Mercury, the smallest planet in the solar system, and closest to the Sun, is only a little bit bigger than Earth’s Moon. But the Moon is comparatively reflective object. Mercury is thought to be made of the same rock as the Moon, so what is the difference? Why do objects in our Solar system have different brightnesses?
The key is in a property called albedo. It’s basically how much light an object reflects, measured as a fraction. For example, the Moon reflects 12% of the light the Sun shines on it, so it has an albedo of 0.12. The albedo of materials on Earth is shown below.
The highest albedo in the solar system is the bright ice moon of Enceladus, at 0.99. The smooth, icy surface of Enceladus reflects almost all of the Sun’s rays back out into space, making appear very bright when viewed from Earth or from the Cassini spacecraft.
Another planet with a very high albedo is Venus, or rather the cloud layers of Venus. Venus has an albedo of 0.65, which is why is appears so magnificently bright in night time skies. Compared to the Earth, with an albedo of 0.306, Venus is bright and reflective.
Mercury is quite dark, with an albedo of 0.106. Why is it so dark? Often with planets and Moons, nanoparticles of Iron result from impacts of meteorites and spread across the planet causing a darker appearance, but this is not the case with Mercury, there is not much Iron present on the surface. It turns out it may be another dark powder that is the culprit: Carbon.
There is a significant amount of Carbon present in comets, about 25% by weight. The majority of comets have long elliptical orbits that take them far out into the Oort cloud and then back close to the Sun. As they approach the powerful gravitational field and radiation of the Sun, they can break apart, unleashing a significant amount of dust. Since Mercury is so close to the Sun, the idea is that the leftover comet dust has coated Mercury like soot, giving the entire surface a darker appearance.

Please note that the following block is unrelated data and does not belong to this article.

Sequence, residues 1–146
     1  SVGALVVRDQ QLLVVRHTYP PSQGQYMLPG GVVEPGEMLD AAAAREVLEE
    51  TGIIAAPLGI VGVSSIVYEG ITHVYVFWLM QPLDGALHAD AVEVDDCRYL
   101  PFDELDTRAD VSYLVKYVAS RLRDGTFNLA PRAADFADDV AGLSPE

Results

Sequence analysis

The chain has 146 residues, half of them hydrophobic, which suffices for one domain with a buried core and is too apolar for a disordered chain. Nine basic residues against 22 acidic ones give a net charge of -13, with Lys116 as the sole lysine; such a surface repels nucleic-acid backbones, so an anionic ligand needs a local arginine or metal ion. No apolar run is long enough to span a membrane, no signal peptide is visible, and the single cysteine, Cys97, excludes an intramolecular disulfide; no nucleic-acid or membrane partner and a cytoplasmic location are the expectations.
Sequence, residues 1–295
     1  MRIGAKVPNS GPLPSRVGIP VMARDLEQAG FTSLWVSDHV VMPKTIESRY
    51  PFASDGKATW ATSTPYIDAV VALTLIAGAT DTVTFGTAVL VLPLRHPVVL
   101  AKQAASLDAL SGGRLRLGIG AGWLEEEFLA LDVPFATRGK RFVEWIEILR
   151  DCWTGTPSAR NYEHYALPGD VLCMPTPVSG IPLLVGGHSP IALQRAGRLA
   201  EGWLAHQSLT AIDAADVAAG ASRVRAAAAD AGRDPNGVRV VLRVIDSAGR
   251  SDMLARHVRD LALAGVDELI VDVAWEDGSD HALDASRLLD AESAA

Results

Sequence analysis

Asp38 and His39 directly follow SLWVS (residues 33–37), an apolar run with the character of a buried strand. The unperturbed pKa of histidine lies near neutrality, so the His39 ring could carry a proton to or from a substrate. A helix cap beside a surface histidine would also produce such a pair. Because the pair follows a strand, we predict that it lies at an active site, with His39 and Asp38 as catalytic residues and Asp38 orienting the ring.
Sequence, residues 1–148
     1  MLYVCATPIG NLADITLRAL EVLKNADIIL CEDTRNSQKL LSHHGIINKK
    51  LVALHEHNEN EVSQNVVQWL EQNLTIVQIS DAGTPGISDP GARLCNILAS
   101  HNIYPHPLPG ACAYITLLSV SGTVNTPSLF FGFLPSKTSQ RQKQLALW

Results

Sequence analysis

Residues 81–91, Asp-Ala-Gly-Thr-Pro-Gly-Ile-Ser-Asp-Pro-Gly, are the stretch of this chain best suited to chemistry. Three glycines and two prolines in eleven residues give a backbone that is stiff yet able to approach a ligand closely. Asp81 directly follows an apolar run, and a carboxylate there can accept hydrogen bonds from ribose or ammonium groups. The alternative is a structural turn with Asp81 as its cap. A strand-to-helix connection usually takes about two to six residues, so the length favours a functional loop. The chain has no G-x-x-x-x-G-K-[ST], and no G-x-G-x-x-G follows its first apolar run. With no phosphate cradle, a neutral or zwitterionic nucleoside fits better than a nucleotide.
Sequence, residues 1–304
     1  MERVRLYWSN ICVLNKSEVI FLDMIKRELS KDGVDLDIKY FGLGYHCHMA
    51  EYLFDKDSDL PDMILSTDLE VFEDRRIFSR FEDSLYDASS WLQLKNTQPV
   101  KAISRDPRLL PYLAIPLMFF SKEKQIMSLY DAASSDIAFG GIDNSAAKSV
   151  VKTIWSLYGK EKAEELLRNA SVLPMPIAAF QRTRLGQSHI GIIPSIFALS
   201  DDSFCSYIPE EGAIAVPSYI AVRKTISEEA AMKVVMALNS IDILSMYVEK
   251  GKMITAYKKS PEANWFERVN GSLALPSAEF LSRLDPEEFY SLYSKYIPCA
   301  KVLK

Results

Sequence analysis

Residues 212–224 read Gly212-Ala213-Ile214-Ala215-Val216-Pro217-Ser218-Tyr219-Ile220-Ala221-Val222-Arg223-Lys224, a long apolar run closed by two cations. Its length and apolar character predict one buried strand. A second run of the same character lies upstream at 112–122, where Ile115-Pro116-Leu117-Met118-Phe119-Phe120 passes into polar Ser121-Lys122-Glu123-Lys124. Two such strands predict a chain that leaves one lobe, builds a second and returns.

To study this theory, a team of scientists from Brown University launched projectiles at a material used to simulate the Lunar basalt. The projectiles were coated with sugar, the burning of which releases a substantial amount of Carbon dust. This is a good representation of an impact where organic molecules in the comet would burn under the heat of the collision, releasing the dust. In the experiment, the tiny Carbon particles became embedded in the material, reducing their albedo by 5%, which is about the same difference between the Moon and Mercury’s albedo! This comet dust perfectly accounts for the darkening of Mercury.
Although more data is required to confirm the result, it’s pretty amazing to perform an Earthbound experiment and figure out what has happened for Billions of years on another planet.